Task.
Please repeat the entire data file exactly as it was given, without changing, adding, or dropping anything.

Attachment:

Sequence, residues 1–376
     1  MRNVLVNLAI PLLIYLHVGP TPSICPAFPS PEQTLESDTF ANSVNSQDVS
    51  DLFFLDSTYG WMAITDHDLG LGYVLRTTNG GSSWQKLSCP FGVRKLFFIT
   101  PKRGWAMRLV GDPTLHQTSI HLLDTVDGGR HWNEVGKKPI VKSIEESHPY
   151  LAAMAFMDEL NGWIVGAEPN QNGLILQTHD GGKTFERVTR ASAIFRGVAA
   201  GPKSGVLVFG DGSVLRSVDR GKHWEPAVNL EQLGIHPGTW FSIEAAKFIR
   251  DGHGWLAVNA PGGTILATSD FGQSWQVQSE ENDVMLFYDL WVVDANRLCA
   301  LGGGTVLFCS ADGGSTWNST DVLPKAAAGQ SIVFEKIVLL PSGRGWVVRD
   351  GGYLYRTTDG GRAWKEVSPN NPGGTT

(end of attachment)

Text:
Sequence, residues 1–376
     1  MRNVLVNLAI PLLIYLHVGP TPSICPAFPS PEQTLESDTF ANSVNSQDVS
    51  DLFFLDSTYG WMAITDHDLG LGYVLRTTNG GSSWQKLSCP FGVRKLFFIT
   101  PKRGWAMRLV GDPTLHQTSI HLLDTVDGGR HWNEVGKKPI VKSIEESHPY
   151  LAAMAFMDEL NGWIVGAEPN QNGLILQTHD GGKTFERVTR ASAIFRGVAA
   201  GPKSGVLVFG DGSVLRSVDR GKHWEPAVNL EQLGIHPGTW FSIEAAKFIR
   251  DGHGWLAVNA PGGTILATSD FGQSWQVQSE ENDVMLFYDL WVVDANRLCA
   301  LGGGTVLFCS ADGGSTWNST DVLPKAAAGQ SIVFEKIVLL PSGRGWVVRD
   351  GGYLYRTTDG GRAWKEVSPN NPGGTT